This book is really three stories in one - the development of the Oxford English Dictionary, the story of James Murray who oversaw the project, and the story of Dr William Chester Minor who was both a Civil War veteran and institutionalized killer. Minor is the key to this story, as his descent into madness also provided him with the time and inclination to help assist in the creation of the OED.
The book is short - a little over 200 pages - and the unfortunate fact is that much of the OED's creation is left behind to focus more on Minor's story from battlefield to British asylum, leaving a significantly small amount of the book to what I felt was the selling point - Minor's involvement with providing assistance to the creation of the OED. The book suffers the way I feel many nonfiction books with interesting-but-specific premises suffer - this would have been a great, great magazine article. To extend it fully into a book results in an unfortunate amount of fluff that didn't really feel relevant to what I had picked up the book for.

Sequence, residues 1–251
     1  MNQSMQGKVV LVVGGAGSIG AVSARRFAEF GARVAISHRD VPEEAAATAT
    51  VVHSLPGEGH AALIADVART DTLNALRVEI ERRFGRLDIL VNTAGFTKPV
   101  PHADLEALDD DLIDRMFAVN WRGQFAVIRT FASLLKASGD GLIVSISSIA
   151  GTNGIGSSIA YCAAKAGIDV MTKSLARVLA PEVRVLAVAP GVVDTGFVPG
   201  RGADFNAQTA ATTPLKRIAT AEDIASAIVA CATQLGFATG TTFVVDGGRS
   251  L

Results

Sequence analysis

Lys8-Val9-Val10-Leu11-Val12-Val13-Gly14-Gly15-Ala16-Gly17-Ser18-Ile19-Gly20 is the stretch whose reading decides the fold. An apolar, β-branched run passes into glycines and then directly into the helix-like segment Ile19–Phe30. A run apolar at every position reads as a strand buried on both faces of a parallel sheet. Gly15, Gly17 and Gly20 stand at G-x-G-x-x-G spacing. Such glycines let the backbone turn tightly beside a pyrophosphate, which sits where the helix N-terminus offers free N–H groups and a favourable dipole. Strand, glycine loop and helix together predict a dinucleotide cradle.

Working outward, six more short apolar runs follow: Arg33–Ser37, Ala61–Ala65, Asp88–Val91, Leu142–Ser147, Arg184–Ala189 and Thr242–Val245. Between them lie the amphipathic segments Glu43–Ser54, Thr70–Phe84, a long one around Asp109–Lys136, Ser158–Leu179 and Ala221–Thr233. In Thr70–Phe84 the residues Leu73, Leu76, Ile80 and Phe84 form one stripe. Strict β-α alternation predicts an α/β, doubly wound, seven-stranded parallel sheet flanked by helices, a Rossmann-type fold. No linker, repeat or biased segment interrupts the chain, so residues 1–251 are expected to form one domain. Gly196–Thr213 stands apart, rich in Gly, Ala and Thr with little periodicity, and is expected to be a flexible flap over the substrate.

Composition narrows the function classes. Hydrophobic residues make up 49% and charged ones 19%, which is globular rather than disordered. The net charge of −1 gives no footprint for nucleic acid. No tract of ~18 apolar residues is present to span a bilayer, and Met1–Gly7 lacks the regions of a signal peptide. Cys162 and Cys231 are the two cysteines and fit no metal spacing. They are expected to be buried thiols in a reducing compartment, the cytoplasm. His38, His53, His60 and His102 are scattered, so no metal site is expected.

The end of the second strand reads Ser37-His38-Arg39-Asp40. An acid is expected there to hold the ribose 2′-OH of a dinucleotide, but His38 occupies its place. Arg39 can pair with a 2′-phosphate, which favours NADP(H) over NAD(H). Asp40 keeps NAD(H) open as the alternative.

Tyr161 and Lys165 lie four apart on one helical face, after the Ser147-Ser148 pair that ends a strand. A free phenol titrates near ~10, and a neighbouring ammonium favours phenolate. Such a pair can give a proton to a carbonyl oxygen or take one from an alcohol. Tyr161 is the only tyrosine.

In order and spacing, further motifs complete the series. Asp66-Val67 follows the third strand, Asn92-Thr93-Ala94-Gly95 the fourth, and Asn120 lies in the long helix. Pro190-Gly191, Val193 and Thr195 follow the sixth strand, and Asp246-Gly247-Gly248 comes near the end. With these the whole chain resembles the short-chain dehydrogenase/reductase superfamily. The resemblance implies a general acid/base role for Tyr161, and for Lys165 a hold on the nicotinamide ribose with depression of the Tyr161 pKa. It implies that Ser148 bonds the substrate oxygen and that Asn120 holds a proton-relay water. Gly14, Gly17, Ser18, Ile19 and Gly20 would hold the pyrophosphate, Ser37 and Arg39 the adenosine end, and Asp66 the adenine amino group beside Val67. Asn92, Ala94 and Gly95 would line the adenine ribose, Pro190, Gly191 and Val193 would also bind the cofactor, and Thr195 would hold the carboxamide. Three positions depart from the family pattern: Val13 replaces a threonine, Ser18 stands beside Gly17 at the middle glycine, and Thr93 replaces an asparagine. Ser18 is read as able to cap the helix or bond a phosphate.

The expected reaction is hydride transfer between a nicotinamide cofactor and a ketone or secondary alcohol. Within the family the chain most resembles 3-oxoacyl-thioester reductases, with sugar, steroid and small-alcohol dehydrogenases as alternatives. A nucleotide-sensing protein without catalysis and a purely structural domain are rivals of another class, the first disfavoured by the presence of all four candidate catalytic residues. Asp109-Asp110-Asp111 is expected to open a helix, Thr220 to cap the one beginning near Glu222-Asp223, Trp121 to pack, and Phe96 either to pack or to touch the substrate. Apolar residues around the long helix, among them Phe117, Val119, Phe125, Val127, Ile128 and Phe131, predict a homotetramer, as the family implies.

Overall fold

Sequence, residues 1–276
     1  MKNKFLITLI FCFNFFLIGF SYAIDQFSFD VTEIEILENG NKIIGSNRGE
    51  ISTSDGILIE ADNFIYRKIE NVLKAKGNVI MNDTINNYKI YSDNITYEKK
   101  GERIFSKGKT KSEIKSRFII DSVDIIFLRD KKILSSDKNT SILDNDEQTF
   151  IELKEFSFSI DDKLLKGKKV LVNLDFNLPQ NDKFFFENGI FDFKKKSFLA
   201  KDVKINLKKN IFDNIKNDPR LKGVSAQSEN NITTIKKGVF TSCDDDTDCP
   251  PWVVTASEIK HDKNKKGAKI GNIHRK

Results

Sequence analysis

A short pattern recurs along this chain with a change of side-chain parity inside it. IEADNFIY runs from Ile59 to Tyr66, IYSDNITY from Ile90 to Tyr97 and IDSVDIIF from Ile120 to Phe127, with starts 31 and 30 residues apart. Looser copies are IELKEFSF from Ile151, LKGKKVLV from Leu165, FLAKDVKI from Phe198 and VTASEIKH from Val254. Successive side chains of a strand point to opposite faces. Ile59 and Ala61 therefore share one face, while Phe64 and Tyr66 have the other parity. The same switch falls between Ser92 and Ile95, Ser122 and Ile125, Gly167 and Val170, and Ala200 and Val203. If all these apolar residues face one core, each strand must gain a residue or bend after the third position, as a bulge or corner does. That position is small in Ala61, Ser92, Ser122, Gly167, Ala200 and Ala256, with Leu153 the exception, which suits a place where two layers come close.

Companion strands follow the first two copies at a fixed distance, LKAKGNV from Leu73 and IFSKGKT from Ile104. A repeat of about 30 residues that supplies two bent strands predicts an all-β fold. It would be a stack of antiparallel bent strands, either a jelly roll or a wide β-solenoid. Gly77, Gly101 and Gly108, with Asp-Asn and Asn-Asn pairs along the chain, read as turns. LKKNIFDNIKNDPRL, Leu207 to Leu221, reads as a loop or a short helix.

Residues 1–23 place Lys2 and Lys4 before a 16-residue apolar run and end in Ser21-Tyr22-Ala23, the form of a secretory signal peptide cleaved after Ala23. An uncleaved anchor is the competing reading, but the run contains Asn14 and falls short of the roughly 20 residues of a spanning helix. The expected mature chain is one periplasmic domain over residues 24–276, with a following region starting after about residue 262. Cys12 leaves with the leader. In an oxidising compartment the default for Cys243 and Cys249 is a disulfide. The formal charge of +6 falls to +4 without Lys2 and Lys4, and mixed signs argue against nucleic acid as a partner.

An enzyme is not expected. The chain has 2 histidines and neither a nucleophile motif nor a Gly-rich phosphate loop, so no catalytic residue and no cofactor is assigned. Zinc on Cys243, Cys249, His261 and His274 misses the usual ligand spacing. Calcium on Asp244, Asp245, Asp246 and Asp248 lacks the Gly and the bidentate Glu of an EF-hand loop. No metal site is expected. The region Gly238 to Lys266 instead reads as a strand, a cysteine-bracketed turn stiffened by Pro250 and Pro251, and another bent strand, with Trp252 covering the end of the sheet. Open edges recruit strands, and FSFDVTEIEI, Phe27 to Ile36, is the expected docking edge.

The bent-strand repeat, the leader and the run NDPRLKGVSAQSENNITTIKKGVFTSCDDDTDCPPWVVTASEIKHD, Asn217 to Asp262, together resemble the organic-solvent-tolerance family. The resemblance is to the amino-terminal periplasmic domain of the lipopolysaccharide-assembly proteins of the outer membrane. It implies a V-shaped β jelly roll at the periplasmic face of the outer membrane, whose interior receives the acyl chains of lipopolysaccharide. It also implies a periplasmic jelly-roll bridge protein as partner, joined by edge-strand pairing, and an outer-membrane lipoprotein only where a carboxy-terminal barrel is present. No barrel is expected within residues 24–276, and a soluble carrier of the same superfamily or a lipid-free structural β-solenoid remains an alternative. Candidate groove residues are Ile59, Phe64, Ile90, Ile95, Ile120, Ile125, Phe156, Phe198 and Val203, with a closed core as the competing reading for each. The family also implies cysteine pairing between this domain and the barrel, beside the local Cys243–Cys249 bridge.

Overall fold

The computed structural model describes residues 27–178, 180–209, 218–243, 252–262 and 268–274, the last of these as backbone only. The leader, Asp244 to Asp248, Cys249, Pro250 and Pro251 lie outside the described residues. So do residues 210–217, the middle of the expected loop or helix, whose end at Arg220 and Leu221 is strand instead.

This is not to say it was a poorly done book, or anything close to that. The book had its moments and it was a nice diversion. But it just didn't meet the expectations it set for me, or, I believe, the expectations that the book set for itself.